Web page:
This paper enables connectivity on everyday objects by transforming them into FM radio stations. To do this, we show for the first time that ambient FM radio signals can be used as a signal source for backscatter communication. Our design creates backscatter transmissions that can be decoded on any FM receiver including those in cars and smartphones. This enables us to achieve a previously infeasible capability: backscattering information to cars and smartphones in outdoor environments. Our key innovation is a modulation technique that transforms backscatter, which is a multiplication operation on RF signals, into an addition operation on the audio signals output by FM receivers. This enables us to embed both digital data as well as arbitrary audio into ambient analog FM radio signals. We build prototype hardware of our design and successfully embed audio transmissions over ambient FM signals. Further, we achieve data rates of up to 3.2 kbps and ranges of 5–60 feet, while consuming as little as 11.07 µW of power. To demonstrate the potential of our design, we also fabricate our prototype on a cotton t-shirt by machine sewing patterns of a conductive thread to create a smart fabric that can transmit data to a smartphone. We also embed FM antennas into posters and billboards and show that they can communicate with FM receivers in cars and smartphones.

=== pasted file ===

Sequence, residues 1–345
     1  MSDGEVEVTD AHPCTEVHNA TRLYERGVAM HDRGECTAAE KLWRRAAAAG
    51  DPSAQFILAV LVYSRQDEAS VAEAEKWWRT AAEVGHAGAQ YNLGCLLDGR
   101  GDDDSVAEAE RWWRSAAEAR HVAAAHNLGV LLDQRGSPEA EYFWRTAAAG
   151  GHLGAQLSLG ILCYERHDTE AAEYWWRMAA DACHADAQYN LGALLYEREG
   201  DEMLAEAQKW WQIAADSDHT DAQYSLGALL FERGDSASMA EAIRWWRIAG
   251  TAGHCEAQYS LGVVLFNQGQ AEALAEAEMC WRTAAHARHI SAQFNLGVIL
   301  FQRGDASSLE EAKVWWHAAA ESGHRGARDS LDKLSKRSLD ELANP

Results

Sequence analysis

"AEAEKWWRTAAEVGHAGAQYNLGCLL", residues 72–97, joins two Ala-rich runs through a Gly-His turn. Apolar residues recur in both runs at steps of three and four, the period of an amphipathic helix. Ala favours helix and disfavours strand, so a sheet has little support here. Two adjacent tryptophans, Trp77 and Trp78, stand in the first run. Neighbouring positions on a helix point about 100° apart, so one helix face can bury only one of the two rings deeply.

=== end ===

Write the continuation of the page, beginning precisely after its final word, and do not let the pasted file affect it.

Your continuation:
Joshua R. Smith
© Bryce Kellogg, Computer Science & Engineering,
University of Washington.
Powered by Bootstrap.